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Daily RC Article 181

Soviet Memory: Rewriting History, Repression, and the Elusive Road to Freedom


Paragraph 1

For the Soviet regime, memory itself was intrinsically a serious threat. The entire history of the past, and above all of the revolution and the civil war, was rewritten and mythologized. Memory was made to function in a truly Orwellian style: what had been peace was now declared war, and the Soviet version of memory became oblivion.

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The effect is rather different, however, on those considered the enemies of state (and who, therefore, remained repressed) in the decades between the 1920s and the 1940s: more of a confusion – especially in the memory of prisons and camps – of the superficial distinctions between imprisonment and freedom. Today they all repeat the observation, now commonplace, that the Soviet Union in the mid-1930s was itself an immense concentration camp: even if millions of its people, particularly of the generation born after the revolution, considered their ‘cell’ the brightest and most beautiful in the world. Thus, those who had served their terms and were released into freedom still felt – either consciously or unconsciously – that the Soviet Union itself was a concentration camp, and therefore chose not to return to the ‘big world’, but instead settled down in Siberia or the far east of Russia, living near the camps, continuing to work on the camp farms, on different tasks, as exiles.

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The most far-sighted of them did understand the system. But where could they go, where else could they settle? Ex-prisoners were forbidden to live in the big cities, and in smaller towns a stranger would always be under suspicion. Their fears were sound, for a new wave of repression followed in the 1940s, and those so-called ‘recidivists’ who had settled down in new places were rearrested and sent off into exile: an exile which is often remembered as scarcely less terrible than the concentration camps, with no work, nothing to eat, and nothing to provide warmth. Indeed, those who were sentenced to the camps in the post-war period – with the exception, of course, of those sent to hard-labour camps – often told me, ‘You were better fed in the concentration camps than in freedom.’…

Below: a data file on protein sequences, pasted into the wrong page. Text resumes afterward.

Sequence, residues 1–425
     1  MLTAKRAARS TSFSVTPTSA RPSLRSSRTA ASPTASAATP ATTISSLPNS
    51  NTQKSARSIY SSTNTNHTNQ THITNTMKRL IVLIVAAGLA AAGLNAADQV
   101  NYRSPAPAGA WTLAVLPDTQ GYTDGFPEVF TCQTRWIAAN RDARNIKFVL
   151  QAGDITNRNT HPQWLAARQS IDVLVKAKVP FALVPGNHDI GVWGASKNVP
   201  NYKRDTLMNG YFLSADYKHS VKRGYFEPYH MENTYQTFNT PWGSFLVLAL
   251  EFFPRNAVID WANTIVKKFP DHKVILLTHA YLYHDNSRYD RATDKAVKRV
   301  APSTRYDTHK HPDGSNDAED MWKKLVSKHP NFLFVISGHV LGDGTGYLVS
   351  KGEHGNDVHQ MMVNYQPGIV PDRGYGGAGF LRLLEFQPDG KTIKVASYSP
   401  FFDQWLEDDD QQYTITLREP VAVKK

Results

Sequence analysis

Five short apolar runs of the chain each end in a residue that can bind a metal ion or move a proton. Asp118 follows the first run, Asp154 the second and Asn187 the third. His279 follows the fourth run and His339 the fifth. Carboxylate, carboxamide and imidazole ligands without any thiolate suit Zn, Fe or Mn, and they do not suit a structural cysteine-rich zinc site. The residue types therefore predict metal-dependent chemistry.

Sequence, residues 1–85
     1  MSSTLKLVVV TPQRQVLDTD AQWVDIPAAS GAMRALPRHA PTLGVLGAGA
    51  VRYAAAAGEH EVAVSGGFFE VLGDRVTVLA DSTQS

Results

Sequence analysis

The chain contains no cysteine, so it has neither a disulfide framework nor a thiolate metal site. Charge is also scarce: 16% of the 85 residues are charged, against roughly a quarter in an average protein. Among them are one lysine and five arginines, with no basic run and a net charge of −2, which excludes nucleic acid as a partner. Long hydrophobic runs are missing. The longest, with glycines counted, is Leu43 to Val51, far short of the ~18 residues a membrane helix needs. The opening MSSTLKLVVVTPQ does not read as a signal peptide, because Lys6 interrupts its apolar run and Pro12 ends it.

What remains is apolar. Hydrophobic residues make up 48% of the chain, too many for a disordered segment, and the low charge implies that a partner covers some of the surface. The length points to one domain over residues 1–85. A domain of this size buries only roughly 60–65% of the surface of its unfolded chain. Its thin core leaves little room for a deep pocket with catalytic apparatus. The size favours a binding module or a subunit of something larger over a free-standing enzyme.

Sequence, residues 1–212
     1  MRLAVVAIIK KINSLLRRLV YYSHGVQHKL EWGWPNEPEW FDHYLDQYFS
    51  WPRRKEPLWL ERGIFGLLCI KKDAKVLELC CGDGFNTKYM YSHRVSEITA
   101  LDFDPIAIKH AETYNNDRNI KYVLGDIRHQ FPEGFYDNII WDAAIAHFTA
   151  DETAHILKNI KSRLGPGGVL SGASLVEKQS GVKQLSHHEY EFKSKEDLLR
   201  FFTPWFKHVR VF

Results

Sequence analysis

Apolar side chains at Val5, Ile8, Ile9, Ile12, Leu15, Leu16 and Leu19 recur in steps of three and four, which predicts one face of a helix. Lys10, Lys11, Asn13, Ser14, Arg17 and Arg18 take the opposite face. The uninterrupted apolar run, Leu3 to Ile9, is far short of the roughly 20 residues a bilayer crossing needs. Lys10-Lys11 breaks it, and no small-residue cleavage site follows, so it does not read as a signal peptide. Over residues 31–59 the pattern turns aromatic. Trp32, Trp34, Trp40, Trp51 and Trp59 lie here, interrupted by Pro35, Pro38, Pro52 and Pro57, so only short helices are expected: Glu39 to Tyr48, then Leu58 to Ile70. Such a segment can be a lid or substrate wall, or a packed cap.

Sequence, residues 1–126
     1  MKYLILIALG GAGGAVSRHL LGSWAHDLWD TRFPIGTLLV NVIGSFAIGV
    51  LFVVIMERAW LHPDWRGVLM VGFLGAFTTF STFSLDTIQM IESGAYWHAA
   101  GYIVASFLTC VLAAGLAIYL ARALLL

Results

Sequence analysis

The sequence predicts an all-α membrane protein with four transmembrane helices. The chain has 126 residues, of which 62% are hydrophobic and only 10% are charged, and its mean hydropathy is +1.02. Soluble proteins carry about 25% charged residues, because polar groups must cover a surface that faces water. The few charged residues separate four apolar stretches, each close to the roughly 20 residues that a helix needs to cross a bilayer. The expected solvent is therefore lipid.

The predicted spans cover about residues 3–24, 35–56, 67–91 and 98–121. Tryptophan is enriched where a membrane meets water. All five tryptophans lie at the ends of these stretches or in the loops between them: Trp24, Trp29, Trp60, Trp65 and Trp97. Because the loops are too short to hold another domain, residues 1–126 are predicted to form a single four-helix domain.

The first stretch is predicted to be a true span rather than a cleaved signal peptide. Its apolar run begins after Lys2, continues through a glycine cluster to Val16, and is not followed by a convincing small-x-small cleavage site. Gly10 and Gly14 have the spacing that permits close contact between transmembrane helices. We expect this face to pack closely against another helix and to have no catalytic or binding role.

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The prisoners in the post-war camps adapted themselves to these conditions and prepared to spend their whole lives in the camps, to which they had already been typically sentenced for ten to twenty-five years. When release came, after the death of Stalin, it was neither anticipated nor easy, and this is partly why there often is a lack of clarity and coherent perspective, and in some respects confusion, in their reminiscences. For them freedom did not come in a single, swift joyful act. Release demanded trouble, letters, and petitions. Re-entry into ordinary life was slow. They had long struggles to win rehabilitation, a flat, or a pension. In the Soviet situation it was very difficult to perceive the end of repression in an individual’s fate, not merely in memory, but simply in real life. For many of them the repressions have scarcely finished even in the most recent years, when they have at last been able to talk openly about their own pasts.

The Soviet regime manipulated memory, turning history into myth. Enemies of the state faced confusion between imprisonment and freedom, perceiving the entire country as a vast concentration camp. Post-war prisoners struggled for release, adapting to camp life, and finding the transition to freedom slow and challenging amidst ongoing repression.
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